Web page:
The International Booker Prize 2021: Shortlistee Events Announced

The International Booker Prize 2021: Shortlistee Events Announced

Following the unveiling of the six books shortlisted for the 2021 International Booker Prize this afternoon, we are thrilled to announce an exciting series of live online conversations with the shortlisted authors and translators to take place over the next few weeks.

The conversations are part of a partnership between the Book Festival and the International Booker Prize and will take place weekly from 29 April up to the announcement of the winner in June.  All the events will be free to view through the Book Festival’s website and available on demand for those unable to watch live.

Our Director, Nick Barley, said “This year’s International Booker Prize shortlist offers the first worldwide survey of novels published since the pandemic took hold and they offer plenty of food for thought. Our partnership with the International Booker Prize presents some of the most stimulating and thought-provoking writers and thinkers from across the globe who have been published in translation this year offering a rare opportunity to explore how novels are charting the progress of human history while it’s still in the eye of a storm.”

Olga Ravn has come to be regarded as one of the most influential writers in contemporary Danish literature. In her new book, The Employees, she has crafted a small masterpiece; brilliantly translated into English by award-winning translator Martin Aitken. Ravn and Aitken share their ideas with Scotland-based writer Heather Parry on Thursday 29 April at 7.30pm.

Translator Megan McDowell and Argentinian journalist, novelist and short story writer Mariana Enriquez discuss the explosive collection of short stories, The Dangers of Smoking in Bed with writer, editor and translator Daniel Hahn on Thursday 6 May at 7.30pm. This translation marks the second time that Enriquez and McDowell have worked together. Read more and bookmark your place.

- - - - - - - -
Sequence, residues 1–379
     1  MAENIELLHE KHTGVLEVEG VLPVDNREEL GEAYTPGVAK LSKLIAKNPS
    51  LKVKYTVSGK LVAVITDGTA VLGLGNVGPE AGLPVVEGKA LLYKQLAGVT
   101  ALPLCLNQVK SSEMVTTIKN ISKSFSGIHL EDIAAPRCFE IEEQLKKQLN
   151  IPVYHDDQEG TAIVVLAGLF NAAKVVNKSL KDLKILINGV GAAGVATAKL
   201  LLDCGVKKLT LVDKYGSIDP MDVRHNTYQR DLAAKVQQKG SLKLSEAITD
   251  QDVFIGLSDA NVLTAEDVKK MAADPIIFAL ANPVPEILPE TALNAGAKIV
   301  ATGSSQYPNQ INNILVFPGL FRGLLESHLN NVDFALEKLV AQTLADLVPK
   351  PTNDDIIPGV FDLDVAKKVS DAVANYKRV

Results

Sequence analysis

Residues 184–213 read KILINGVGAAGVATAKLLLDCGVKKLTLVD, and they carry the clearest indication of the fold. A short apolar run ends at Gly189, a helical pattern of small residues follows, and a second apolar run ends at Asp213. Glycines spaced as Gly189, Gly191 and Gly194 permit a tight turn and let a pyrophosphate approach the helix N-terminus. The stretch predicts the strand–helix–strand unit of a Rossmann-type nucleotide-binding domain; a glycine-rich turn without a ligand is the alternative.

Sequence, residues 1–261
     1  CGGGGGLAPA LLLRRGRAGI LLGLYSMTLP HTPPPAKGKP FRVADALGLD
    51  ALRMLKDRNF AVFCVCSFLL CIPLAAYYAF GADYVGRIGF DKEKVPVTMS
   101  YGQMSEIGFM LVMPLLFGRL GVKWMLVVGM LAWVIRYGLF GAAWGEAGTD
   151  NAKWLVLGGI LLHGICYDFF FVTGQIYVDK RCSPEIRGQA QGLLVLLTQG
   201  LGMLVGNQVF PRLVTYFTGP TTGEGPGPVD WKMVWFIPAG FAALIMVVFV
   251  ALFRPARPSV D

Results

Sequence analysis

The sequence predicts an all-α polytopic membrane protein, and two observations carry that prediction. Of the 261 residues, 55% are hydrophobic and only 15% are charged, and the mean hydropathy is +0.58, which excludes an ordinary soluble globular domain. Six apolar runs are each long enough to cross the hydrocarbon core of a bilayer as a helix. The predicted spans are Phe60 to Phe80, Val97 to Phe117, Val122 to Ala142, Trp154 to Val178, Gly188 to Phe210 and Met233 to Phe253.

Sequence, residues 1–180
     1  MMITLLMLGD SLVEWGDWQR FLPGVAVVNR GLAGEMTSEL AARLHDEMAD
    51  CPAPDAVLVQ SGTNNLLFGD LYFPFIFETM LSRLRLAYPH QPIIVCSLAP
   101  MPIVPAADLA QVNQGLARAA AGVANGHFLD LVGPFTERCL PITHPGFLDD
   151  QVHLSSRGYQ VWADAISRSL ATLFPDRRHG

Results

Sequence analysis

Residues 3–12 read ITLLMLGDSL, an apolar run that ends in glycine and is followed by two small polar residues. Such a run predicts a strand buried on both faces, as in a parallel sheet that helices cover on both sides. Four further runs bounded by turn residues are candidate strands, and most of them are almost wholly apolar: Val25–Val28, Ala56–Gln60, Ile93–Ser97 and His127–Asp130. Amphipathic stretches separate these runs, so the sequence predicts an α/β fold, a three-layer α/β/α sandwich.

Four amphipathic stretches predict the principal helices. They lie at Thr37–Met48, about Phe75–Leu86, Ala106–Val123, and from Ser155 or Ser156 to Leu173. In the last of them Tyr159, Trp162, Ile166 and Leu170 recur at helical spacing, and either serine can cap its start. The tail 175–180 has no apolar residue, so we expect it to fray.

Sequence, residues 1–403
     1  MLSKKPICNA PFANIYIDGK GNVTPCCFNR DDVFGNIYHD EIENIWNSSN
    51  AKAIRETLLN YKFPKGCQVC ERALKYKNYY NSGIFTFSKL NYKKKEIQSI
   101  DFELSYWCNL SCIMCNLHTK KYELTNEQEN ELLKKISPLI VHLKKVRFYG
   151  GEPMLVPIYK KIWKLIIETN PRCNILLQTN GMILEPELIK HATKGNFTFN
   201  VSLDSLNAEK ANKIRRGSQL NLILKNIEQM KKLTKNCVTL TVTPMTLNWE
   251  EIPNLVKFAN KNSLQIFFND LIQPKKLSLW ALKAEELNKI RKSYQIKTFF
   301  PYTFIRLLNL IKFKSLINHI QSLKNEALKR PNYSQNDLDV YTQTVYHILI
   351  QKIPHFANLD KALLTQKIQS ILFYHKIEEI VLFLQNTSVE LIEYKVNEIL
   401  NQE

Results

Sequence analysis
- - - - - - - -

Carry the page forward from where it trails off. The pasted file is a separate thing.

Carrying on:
French-Senegalese author David Diop’s unforgettable short novel At Night All Blood Is Black paints a starkly different picture of the brutality of the First World War. Anna Moschovakis is the translator who has brought Diop’s elegant, spare prose to English-speaking readers as Diop conjures up a picture of fresh hell and takes his lead character right into the heart of it. They discuss the book on Thursday 13 May at 7.30pm. Find out more and mark your calendar.

The thrilling new work by Benjamin Labatut hovers somewhere between fiction and non-fiction. His third book, When We Cease To Understand the World, has been translated from the Spanish by writer and translator Adrian Nathan West. Labatut and West discuss this majestic book with writer, critic and translator Jay G Ying on Thursday 20 May at 7.30pm.

Moscow-based Maria Stepanova’s astounding meta-memoir is a panoramic, absorbing reflection on the nature of memory, filtered through the lens of her own family’s history as Jewish people living in Soviet Russia. Superbly translated by poet, playwright and translator Sasha Dugdale, In Memory of Memory begins with Stepanova sorting through the possessions of her beloved aunt after her death and piecing together a picture of life in Soviet Russia.  Stepanova and Dugdale discuss the work with BBC journalist Allan Little on Tuesday 25 May at 7.30pm.

In his newest work The War of the Poor, the French author Éric Vuillard goes deep into history with a engaging account of the life of a radical preacher in 16th-century Bavaria. Thomas Müntzer’s astonishing life is much less distant from an 21st-century English-speaker’s perspective than it may at first sound – not least because Vuillard’s short novel is as entertaining as a thriller and rendered brilliantly into English by Mark Polizzotti. Vuillard and Polizzotti discuss the novel with journalist Amelia Gentleman, author of The Windrush Betrayal, on Thursday 27 May at 7.30pm.

All six events are available to watch free of charge through the Edinburgh International Book Festival website and will be available to watch ‘on demand’ for those who miss the live broadcasts.

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